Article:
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J Speech Hear Res. 1995 Feb;38(1):145-56.

Presence, completeness, and accuracy of main concepts in the connected speech of non-brain-damaged adults and adults with aphasia.

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Minneapolis Veterans Affairs Medical Center, USA.


A standard rule-based system was used to evaluate the presence, accuracy, and completeness of main concepts in the connected speech of 20 non-brain-damaged adults and 20 adults with aphasia. Main concepts form a skeletal outline of the most important information (or "gist") in a message. The interjudge and intrajudge reliability of the main concept scoring system and the test-retest stability of scores were acceptable. The non-brain-damaged group produced significantly more Accurate/complete main concepts, and significantly fewer Accurate/incomplete, Inaccurate, and Absent main concepts than the group with aphasia. However, when the performance of individual subjects was evaluated, what best discriminated the performance of subjects with aphasia from that of non-brain-damaged subjects was not the number of main concepts they failed to mention but the accuracy and completeness of the main concepts they did produce. Measures of main concept production may be a clinically useful complement to other measures of communicative informativeness and efficiency.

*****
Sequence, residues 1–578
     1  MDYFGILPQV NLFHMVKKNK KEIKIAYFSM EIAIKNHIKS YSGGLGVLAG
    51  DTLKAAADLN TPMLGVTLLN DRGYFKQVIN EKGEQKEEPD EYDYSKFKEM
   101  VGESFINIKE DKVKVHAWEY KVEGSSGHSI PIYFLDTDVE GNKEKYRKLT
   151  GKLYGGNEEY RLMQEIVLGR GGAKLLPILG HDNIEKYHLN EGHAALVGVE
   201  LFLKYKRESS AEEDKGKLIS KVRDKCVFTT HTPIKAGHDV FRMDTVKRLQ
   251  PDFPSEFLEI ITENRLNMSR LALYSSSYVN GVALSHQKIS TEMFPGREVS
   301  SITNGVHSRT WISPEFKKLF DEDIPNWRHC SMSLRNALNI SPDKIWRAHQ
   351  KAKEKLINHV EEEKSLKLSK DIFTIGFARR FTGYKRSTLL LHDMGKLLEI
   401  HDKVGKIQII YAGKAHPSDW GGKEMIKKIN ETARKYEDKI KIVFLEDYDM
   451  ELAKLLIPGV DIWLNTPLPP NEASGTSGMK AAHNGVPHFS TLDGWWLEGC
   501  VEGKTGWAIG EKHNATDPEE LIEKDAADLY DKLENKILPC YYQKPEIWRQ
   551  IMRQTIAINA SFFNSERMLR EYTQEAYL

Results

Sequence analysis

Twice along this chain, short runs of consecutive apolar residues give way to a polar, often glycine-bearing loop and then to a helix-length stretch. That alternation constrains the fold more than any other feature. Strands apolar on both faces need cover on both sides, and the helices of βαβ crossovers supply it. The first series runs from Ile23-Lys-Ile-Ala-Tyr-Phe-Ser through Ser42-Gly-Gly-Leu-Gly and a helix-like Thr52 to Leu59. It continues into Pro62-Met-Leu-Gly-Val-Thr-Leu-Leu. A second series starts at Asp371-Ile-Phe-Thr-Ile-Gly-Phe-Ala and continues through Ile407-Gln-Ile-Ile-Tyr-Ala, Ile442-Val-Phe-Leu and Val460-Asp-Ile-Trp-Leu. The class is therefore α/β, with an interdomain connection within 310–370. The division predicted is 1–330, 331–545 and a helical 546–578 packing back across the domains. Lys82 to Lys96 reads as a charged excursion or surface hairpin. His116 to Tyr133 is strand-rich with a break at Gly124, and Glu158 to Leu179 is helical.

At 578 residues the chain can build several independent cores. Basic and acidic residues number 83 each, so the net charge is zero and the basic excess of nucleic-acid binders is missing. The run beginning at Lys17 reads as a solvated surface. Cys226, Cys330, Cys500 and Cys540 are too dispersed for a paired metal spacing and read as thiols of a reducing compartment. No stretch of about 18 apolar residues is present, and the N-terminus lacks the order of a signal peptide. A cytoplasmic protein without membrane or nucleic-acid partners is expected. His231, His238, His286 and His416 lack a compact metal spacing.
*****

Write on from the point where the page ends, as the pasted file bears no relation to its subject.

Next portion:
[Indexed for MEDLINE]

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